Mike Williams' bounce-back game

It was nice to see Williams produce nearly 100 yards and a touchdown after he had just 137 yards and no scores in his previous four games, but if you're hoping Sunday's performance was a sign that he might be back to being a reliable Fantasy option, I don't think that's what happened. Prior to his late 53-yard touchdown, Williams as on pace for another subpar outing -- in fact, four catches for 44 yards on five targets wasn't far from what his recent stretch had produced. What we saw Sunday was the upside of Williams' current role as the deep threat in the Chargers offense. He's a clear third option behind Keenan Allen and Austin Ekeler in the receiving hierarchy, and his production will likely continue to be hit or miss. He's a WR3 because it's still a pretty valuable role. 

Dan Arnold's goose egg

It's hard to make sense of much of what the Jaguars offense has tried to do this season, but Arnold getting no targets is especially hard to make sense. In part, it was probably a result of a terrible game script -- the Jaguars didn't run their first play until there was 1:55 left in the first quarter, and the 49ers had run 34 offensive plays before the Jaguars ran their fifth. They ended up with just 44 offensive snaps, and Arnold ran a route on 23 of 30 pass plays, right in line with his rate from Week 10 when he had eight targets. This was a disappointing game from a guy who had at least 10 PPR points in four of his previous five, but I'm writing it off as the result of just a weird game flow. 

Rondale Moore's 11 targets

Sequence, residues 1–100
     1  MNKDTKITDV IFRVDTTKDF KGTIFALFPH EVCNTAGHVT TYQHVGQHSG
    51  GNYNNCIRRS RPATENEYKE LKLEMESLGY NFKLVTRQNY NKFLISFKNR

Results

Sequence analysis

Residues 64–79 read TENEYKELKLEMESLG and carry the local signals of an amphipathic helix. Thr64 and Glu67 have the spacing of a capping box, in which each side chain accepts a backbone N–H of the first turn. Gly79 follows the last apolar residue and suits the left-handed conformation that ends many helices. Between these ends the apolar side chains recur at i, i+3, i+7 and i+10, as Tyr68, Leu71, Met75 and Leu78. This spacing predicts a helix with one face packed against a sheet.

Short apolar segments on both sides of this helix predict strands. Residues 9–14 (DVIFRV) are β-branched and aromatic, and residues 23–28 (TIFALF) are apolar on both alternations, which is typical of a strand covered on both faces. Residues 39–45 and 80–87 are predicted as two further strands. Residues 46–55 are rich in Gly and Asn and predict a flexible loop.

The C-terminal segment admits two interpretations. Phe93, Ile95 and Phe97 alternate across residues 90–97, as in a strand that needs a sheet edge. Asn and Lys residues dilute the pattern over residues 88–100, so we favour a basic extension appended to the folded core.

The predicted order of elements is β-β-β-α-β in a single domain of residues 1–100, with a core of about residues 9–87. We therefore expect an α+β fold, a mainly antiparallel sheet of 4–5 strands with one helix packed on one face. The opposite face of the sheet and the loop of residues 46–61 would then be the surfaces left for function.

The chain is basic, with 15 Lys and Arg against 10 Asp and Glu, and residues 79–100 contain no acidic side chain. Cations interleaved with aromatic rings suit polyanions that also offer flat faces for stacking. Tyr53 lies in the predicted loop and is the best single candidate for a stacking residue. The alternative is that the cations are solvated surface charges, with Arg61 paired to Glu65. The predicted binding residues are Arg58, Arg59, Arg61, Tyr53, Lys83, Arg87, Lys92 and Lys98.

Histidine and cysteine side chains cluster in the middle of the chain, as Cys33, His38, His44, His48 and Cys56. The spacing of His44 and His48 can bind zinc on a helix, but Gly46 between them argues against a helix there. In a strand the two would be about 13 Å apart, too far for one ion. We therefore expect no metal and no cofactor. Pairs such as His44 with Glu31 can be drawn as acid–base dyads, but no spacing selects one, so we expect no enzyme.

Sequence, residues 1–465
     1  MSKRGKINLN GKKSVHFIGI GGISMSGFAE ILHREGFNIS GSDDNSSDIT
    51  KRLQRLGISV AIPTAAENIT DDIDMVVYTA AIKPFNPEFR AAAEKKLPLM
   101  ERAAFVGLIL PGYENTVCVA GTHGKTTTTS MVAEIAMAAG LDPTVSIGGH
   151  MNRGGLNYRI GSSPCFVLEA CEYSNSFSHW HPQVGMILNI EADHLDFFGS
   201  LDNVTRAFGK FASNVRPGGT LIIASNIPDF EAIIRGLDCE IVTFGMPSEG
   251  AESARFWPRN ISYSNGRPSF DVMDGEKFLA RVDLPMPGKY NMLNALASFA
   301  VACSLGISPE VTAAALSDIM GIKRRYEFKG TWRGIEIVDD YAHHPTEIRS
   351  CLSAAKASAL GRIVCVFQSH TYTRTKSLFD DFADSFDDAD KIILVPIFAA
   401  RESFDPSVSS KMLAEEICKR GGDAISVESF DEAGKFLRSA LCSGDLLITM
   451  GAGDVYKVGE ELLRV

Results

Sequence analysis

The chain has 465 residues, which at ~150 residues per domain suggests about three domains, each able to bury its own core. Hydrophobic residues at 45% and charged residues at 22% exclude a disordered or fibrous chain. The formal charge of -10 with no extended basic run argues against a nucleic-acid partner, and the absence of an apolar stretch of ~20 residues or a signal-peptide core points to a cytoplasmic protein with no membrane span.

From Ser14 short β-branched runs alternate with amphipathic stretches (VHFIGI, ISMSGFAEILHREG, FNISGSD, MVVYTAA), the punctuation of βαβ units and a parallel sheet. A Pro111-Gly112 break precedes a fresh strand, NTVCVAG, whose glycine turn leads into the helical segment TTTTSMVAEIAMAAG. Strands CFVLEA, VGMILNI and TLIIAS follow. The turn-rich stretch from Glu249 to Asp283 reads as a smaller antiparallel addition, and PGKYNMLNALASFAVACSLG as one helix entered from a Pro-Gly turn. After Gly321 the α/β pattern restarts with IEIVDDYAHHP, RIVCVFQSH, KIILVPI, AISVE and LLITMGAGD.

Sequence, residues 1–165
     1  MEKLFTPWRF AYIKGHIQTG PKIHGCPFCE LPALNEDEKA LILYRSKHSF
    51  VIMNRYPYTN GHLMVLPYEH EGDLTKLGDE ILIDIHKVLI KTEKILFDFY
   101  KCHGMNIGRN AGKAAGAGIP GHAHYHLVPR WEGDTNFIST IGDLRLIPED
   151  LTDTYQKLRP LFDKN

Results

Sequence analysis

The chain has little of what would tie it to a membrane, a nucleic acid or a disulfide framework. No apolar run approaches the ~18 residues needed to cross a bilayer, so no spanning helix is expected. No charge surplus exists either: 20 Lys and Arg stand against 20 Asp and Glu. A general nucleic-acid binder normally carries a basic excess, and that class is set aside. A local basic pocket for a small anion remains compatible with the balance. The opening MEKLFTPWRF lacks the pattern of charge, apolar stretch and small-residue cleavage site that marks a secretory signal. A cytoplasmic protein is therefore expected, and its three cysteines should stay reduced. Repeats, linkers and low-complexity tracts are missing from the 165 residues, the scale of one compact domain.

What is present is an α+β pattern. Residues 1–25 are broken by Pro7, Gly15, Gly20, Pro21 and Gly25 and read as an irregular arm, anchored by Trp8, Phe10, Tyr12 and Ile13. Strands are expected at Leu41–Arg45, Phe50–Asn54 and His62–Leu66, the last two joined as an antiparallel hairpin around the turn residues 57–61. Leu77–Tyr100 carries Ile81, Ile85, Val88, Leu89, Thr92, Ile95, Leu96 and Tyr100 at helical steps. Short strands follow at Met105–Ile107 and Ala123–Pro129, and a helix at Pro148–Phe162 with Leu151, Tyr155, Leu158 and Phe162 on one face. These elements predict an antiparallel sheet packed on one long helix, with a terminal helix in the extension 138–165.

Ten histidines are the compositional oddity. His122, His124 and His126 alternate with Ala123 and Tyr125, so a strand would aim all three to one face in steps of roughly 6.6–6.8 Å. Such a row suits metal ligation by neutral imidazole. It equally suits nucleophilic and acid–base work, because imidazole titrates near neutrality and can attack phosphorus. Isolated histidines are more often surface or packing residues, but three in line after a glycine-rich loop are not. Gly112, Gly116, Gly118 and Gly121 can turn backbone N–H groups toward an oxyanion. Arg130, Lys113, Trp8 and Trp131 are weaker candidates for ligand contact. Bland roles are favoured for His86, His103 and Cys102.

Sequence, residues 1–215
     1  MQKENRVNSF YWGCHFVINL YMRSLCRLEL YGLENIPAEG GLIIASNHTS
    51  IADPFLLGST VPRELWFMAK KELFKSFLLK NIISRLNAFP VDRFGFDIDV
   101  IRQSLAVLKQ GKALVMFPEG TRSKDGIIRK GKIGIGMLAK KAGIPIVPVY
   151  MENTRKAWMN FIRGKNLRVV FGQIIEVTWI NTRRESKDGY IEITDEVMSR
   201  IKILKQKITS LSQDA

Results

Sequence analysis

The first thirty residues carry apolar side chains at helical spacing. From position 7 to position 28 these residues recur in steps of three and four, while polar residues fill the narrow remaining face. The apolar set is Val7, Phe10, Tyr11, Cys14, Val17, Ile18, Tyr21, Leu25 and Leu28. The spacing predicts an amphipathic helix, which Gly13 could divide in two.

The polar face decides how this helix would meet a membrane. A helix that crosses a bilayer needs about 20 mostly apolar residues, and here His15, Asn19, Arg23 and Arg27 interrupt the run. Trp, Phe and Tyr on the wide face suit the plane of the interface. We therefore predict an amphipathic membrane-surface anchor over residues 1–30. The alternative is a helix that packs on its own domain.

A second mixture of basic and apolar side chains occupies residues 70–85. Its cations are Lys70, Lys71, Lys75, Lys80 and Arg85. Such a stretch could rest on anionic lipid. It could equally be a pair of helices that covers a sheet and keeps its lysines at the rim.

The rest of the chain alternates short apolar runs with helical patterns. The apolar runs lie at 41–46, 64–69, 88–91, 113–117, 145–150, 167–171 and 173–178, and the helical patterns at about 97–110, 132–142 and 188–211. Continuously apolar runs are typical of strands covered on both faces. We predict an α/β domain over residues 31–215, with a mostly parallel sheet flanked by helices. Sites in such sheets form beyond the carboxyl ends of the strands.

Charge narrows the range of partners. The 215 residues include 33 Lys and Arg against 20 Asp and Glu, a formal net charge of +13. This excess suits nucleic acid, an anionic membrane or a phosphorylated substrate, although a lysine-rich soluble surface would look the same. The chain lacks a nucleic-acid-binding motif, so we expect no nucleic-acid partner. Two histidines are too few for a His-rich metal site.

Moore had 11 targets in the Cardinals 23-13 win over the Seahawks, which seems exciting on the surface for a player we've been waiting for a breakout from. However, he turned his 11 targets into just 51 yards, which is your first sign that this wasn't as promising as it seems -- Moore had -9 air yards in the game. His first three targets came on nearly identical plays, as Colt McCoy checked down to him within 5 yards of the line of scrimmage when his deep options weren't available. His fourth came on a swing pass as he motioned into the backfield, and it nearly ended in a safety for the Cardinals offense. He didn't have a single target travel more than 5 yards past the line of scrimmage. It's good that the Cardinals got Moore as involved as they did, but he was still fourth in routes run among wide receivers and played just 39% of the snaps. I think Moore has a ton of potential, but not in his current role. His role Sunday was more about trying to get the ball out of McCoy's hands as quickly as possible than anything else.